Bill Petrocelli doesn't look like someone routinely engaged in illegal activity by the jovial smile on his face as he greets customers around the San Francisco location of Book Passage, a small chain of stores that he co-owns in the Bay Area.
Since the beginning of 2017, however, he's been routinely violating a California's law regulating autographed items. Small bookstore owners like Petrocelli now must adhere to a laundry list of requirements that threaten their livelihoods and restrict First Amendment rights.
"This law—it's like dropping a bomb," says Petrocelli, "it's terrible." Book Passage holds about 800 events each year featuring the likes of Bill and Hillary Clinton, John Kasich, Caitlyn Jenner, and Ozzy Osborne. "We really kind of thrive on that," Petrocelli says. "I think it's the best part of the book business, when the author and the reader have a get together in your store and have a little discussion. It's wonderful."
The law requires dealers to provide a certificate of authenticity for every signed book, which includes a description of the item, the identity of the person who signed it, the date, time and place of the sale; the dealer's name and address; information about a witnesses to the signing; and information about a previous owner, if the item was obtained secondhand. And they have to retain that information for seven years.
"It's a certificate of authenticity requirement on steroids," says Anastasia Boden, an attorney at the Pacific Legal Foundation, who is helping Petrocelli sue the state over the law. "Anything that requires extra paperwork is going to drive up the cost of doing business."
Any violations of the requirements means anyone could sue the bookseller for up to ten times the cost of the book. The seller could also get hit with get court costs, attorney fees, interest, expert witness fees, and any relief the court finds appropriate.
Petrocelli says that beyond the potential cost, the law is also an invasion of his customers' privacy because he must record and store their names and addresses for an extended period.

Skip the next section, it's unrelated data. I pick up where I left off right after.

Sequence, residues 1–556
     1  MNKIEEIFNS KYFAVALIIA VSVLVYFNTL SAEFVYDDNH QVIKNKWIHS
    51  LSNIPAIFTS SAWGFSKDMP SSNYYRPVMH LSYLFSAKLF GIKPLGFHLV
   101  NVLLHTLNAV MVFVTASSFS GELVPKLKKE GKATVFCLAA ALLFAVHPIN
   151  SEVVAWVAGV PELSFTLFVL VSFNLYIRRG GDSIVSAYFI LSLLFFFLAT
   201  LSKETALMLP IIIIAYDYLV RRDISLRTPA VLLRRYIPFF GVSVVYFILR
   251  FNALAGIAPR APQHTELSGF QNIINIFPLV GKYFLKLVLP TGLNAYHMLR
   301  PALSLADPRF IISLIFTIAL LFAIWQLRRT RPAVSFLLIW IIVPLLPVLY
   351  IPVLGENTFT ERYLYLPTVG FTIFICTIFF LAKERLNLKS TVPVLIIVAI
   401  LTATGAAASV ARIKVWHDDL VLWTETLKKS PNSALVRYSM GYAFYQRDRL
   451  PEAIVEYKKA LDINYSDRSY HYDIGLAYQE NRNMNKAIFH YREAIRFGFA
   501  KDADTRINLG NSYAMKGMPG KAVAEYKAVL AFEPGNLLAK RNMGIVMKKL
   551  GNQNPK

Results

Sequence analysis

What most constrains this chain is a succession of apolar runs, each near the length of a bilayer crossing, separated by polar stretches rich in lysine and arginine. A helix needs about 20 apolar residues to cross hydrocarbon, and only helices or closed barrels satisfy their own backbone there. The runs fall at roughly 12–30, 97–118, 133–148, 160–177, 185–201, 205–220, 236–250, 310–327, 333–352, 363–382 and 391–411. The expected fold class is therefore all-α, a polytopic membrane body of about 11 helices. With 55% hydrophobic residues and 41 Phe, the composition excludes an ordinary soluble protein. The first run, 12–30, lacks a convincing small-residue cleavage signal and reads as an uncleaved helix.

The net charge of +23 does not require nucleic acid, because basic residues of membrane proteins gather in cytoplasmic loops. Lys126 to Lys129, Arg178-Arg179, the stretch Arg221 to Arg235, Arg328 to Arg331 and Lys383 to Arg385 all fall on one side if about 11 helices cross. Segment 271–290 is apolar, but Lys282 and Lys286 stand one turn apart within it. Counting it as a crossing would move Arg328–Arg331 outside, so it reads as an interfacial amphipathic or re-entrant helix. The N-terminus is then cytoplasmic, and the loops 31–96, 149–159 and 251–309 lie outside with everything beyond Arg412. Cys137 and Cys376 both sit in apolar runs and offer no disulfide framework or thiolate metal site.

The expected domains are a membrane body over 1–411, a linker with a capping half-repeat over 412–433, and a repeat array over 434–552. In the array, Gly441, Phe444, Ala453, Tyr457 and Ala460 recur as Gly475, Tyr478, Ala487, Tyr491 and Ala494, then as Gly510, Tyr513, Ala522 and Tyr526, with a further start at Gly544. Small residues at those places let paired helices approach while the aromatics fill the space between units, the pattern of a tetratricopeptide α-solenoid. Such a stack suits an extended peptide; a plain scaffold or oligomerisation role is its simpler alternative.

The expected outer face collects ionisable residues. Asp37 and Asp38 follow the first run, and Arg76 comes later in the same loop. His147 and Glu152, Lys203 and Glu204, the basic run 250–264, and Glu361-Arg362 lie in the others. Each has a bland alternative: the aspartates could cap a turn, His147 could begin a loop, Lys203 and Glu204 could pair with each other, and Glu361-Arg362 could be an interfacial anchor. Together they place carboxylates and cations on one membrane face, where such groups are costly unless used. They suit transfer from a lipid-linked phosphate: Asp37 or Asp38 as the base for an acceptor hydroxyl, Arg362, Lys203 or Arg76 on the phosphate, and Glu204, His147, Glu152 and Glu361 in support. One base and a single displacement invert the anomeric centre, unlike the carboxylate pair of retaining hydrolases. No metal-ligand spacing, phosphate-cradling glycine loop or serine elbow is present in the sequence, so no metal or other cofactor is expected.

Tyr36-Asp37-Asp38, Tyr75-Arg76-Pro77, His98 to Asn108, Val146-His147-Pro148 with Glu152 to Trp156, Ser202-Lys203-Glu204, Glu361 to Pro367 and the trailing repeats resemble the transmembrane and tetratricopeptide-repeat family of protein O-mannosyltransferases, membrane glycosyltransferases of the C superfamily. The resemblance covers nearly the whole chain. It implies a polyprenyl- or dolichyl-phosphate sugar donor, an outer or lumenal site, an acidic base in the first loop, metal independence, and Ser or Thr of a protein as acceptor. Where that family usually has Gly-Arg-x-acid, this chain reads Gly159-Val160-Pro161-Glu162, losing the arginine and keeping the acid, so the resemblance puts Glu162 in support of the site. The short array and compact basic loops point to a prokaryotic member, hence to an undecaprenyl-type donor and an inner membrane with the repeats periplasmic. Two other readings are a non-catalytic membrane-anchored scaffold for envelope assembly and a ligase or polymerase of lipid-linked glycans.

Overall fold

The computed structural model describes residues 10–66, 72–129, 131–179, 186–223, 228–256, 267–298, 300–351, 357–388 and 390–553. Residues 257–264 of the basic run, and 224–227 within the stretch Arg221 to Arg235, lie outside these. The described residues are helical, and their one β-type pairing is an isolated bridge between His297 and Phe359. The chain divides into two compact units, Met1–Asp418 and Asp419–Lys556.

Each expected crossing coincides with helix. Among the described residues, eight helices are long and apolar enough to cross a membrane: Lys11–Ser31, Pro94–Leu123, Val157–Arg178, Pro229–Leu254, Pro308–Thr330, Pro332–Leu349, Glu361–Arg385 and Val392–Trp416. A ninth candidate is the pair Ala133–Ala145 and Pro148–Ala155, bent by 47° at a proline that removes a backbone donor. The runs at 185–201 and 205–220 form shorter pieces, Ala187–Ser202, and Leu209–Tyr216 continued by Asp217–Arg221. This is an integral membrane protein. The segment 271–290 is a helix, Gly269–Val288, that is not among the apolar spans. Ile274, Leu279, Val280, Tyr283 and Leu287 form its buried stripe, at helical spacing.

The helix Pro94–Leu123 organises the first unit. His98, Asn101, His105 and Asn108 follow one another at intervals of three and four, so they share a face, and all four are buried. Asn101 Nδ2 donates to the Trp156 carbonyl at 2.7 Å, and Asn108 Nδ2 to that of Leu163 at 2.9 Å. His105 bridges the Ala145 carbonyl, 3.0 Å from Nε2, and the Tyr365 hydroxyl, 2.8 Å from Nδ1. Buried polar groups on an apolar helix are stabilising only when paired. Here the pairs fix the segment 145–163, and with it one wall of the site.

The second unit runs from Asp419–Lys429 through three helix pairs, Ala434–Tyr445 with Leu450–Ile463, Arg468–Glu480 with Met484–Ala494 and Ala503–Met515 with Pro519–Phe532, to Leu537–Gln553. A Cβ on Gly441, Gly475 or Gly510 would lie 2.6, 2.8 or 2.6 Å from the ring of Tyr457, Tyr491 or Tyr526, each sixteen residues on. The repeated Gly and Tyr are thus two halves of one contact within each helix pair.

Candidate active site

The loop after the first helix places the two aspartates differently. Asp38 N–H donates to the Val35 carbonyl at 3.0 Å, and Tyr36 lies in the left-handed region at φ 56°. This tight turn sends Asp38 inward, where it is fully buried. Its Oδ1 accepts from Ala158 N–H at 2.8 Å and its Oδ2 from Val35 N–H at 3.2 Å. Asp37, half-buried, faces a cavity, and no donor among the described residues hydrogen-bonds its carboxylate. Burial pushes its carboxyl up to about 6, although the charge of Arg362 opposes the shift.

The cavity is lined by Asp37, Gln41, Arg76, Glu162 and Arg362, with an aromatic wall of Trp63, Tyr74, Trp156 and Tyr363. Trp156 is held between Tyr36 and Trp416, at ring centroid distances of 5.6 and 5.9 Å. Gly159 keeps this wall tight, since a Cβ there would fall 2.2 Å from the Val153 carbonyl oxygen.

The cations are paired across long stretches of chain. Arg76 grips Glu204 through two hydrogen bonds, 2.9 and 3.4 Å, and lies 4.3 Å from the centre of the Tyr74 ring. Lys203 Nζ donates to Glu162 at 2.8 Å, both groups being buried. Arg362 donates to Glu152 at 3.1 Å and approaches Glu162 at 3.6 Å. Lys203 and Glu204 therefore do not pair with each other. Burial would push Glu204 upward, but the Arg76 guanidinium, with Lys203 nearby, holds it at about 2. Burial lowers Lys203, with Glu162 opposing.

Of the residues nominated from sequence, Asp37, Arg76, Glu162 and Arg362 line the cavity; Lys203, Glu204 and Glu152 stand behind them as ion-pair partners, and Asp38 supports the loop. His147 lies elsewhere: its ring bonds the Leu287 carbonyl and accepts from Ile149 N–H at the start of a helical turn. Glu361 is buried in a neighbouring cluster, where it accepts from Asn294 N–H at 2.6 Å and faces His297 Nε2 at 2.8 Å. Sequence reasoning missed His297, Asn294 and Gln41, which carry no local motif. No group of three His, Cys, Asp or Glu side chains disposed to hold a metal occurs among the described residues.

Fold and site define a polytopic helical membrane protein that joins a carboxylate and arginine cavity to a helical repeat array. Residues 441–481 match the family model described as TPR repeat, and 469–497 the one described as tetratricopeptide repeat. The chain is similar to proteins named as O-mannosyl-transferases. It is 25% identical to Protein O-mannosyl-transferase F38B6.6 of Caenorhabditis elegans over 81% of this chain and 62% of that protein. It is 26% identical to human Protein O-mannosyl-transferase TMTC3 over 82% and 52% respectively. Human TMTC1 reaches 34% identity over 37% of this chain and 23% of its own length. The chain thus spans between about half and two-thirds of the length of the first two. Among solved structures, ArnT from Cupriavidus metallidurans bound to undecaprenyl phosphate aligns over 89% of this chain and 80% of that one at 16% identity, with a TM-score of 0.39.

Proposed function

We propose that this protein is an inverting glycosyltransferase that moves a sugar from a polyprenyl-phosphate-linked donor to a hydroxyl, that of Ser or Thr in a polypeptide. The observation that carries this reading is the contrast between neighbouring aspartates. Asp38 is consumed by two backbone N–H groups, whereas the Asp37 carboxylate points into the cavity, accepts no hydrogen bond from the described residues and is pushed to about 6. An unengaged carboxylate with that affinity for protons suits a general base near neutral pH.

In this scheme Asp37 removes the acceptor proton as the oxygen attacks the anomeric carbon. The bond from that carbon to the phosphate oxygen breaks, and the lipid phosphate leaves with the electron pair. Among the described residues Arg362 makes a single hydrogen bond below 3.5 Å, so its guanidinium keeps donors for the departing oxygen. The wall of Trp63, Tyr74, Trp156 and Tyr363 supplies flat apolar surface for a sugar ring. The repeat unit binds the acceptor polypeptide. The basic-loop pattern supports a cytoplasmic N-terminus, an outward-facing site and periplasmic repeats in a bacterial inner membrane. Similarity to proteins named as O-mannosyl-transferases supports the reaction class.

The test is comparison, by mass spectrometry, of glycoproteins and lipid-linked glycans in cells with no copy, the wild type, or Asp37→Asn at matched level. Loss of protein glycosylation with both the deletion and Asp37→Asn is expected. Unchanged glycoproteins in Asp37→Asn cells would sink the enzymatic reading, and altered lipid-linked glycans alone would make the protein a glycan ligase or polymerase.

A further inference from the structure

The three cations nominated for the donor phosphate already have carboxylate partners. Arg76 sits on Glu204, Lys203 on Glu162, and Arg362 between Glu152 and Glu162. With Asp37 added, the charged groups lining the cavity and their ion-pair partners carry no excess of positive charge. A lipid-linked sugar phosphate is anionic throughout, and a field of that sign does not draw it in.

"It's children who come to a lot of events to see their favorite author, want their book signed, and if we are going to have to go through every record and keep track of every child that buys a book…it's just crazy," Petrocelli says.
But the law wasn't supposed to apply to booksellers. "[It] originated as any law does, and that is with somebody with a lot of political clout and a sob story," says Boden. In this case, it was Mark Hamill, the actor famous for playing Luke Skywalker.
Boden says Hamill approached the legislature after seeing faked versions of his autograph being sold to duped customers online for hundreds of dollars. He teamed up with former State Assemblywoman Ling Ling Chang (R-Diamond Bar) to expand a pre-existing law applying to autographs. It flew through the California legislature and was signed by Gov. Brown last September.
"Then booksellers kind of got word of this and looked at it and thought, 'oh my God, this could apply to autographed books, right on the face of it,'" says Petrocelli.
Chang declined our interview request, but did tell Reason in an email that she stands by the bill. She also pointed to a letter issued by her office in December 2016 stating that the law doesn't apply to booksellers because its wording states an autograph dealer must be "principally" in the business of selling autographed items in order for the law to apply.
The attorney Boden says the word "principally" here is vague, and arguably Petrocelli is principally engaged in selling autographed books. In addition to holding hundreds of events with autograph signings every year, Book Passage even has a first edition autographed-book club. It's the kind of offering that's allowed Book Passage to hold its own against online retailers.
Boden says the the autograph law's penalties are so high that they may scare people away from engaging in what should be protected speech. "Signatures are protected by the First Amendment."
A bill that was introduced to fix these problems, Assembly Bill 228, tries to exclude booksellers by raising the price of the commodity being signed from five dollars to 50. But that doesn't help Petrocelli.
"He sells books that are worth over $50 all the time," says Boden.
A.B. 228 also limits the autograph law to sports and entertainment memorabilia. But Petrocelli has entertainment and sports books for sale. Olympic gold medal winning track star Caitlyn Jenner (formerly Bruce Jenner) recently promoted her biography at a Book Passage event.
"Is the Caitlyn Jenner biography a sports book or not? It kind of depends on how you think about it and if you have to make that kind of decision on every single book in the store it will drive you crazy," says Petrocelli.
There is one other bill that could help Petrocelli because it excludes books from being covered by the autograph law: Senate Bill 579. According to Boden it isn't going anywhere. "The one that is getting all the publicity is A.B. 228 which is backed by Barnes and Noble and the antiquarian booksellers," she says. "Meanwhile this little bill in the Senate that actually would do some good…doesn't seem to be getting any attention at all."
Produced by Paul Detrick. Shot by Alex Manning.